Investment should be primarily used for upgrading and technologically re-equipping the industries and retrofitting the manufacturing industry. We need to ensure the highest dynamics here, to reach a level where, on average, every second enterprise within a year carries out technological changes. That is when the renewal effort in the economy and industry will be noticeable.
Promoting small businesses is the third large-scale reserve of economic growth. By the middle of the next decade, their contribution to the country’s GDP should approach 40 percent, and the number of employed there should grow from 19 million to 25 million people.
One of the main problems facing entrepreneurs is access to financial resources. There is a government program in place for small production businesses that offers loans with only 6.5 percent interest. I think this program must continue. Overall, this support mechanism must become widely available.
Finally, another source of growth is the development of non-resource exports. It is necessary to remove all administrative barriers and create the most favorable conditions for the companies entering foreign markets.
Within the next six years, we must double the amount of non-resource and non-energy exports to reach $250 billion—specifically, increase machine engineering exports to $50 billion. Exports of services, including education, healthcare, tourism and transport, must reach $100 billion per year.
In the early 2000s, we were deeply dependent on food imports. The situation has turned around completely. Now we are on the verge of more changes. In just four years from now, we plan to be supplying more food to global markets than we will be importing from abroad. We need to increase exports of meat and high-added value products, as well as to make the country more self-sufficient in beef, milk and vegetable supplies.
I want to stress that development of the agricultural industry is strongly related to commodity production. However, this development must not be at the expense of small farms and their workers. We must support family businesses and farmers. We will develop cooperative agriculture and create conditions for residents of rural areas to increase their income. Every now and then we hear about problems with people’s interests being affected, I am aware of them. Such cases must be taken very seriously.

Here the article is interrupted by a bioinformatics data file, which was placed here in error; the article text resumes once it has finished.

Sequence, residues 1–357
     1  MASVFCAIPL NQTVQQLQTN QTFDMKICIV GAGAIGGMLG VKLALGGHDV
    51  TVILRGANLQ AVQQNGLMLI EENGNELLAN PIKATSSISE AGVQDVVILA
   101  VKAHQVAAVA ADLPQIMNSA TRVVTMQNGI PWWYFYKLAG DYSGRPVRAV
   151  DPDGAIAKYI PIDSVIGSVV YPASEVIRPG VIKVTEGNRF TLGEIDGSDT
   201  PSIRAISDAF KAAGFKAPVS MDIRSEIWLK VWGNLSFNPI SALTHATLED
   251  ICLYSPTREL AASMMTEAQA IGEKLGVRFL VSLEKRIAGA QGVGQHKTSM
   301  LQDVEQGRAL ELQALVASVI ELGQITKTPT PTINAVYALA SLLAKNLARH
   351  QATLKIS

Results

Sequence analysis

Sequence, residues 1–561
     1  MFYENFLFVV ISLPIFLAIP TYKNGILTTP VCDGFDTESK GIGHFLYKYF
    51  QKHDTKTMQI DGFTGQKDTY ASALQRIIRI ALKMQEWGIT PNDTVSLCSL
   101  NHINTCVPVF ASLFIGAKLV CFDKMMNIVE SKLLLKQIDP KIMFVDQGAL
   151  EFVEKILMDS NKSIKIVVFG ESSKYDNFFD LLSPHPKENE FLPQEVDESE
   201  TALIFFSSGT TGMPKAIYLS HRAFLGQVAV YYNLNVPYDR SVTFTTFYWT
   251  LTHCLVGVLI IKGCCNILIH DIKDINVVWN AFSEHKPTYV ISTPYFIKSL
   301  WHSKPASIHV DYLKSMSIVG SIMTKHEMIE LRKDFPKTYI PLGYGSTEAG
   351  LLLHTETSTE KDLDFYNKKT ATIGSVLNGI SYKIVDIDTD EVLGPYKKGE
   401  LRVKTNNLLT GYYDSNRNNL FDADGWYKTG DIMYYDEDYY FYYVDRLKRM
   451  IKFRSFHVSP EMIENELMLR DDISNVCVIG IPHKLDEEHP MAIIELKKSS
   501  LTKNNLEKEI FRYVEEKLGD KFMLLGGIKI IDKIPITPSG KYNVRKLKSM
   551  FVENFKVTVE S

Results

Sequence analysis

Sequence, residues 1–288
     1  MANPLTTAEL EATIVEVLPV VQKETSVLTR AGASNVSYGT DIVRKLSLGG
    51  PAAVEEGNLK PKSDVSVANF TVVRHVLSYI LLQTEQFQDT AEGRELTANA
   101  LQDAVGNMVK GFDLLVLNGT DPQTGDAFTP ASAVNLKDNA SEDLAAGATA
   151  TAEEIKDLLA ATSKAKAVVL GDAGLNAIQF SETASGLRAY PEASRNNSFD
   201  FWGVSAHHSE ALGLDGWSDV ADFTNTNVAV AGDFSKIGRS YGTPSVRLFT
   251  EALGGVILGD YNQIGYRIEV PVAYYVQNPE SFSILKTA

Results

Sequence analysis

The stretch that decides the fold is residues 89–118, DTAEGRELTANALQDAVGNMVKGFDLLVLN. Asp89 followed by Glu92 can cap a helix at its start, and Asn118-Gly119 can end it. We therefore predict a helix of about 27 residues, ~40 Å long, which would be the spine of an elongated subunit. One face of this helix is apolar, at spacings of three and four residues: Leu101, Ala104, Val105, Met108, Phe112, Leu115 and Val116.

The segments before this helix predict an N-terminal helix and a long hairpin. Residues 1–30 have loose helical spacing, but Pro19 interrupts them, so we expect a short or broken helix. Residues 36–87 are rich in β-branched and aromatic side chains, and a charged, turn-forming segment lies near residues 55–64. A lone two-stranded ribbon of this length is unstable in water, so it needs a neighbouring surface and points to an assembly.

Nevertheless, I want to say thank you to the agricultural industry workers for the record-breaking harvest of 134 million tons. Note that it is more than the record harvest in the Soviet Union. In 1978, the USSR produced 127.4 million tons. Now it is common for Russia to exceed 100 million tons.
Clearly, such a large harvest has a downside as well. The prices have gone down; there are some storage and transport issues. We have established discount rates on transporting crops by railway until July 1, 2018, to support our producers.
It is necessary to consider extending this measure to the next harvesting seasons as well as to arrange additional deliveries to the Urals, Siberia and the regions far away from ports. We must help those who want and can process crops locally. Added value needs to be increased. Then we can go into the livestock industry with this product. We will certainly discuss these and other problems reported by agricultural workers at the agricultural producers’ forum in March, and will elaborate on additional measures to support the industry.
In order for the economy to operate at its full capacity, we need to radically improve the business climate and guarantee entrepreneurial freedom and competition.
Let me highlight a fundamental point in this regard. The state must gradually reduce its share in the economy. In this connection, it has to be noted that the state has taken over a number of financial assets in an effort to revive the banking sector. These initiatives are headed in the right direction and have my support. That said, these assets should be put on the market and sold without delay.
We need to get rid of everything that enables corrupt officials and law enforcement officers to pressure businesses. The Criminal Code should not serve as a tool for settling corporate disputes. These should be referred to administrative and arbitration courts.
I ask the Working Group on Monitoring and Analyzing Law Enforcement Practice in Entrepreneurial Activity, together with the Supreme Court, law enforcement agencies, the Prosecutor’s Office and representatives of the business community to draft specific proposals on this subject. This matter should not be approached in a light-minded manner. All the proposals must undergo careful examination and approval, and this should be done as soon as possible.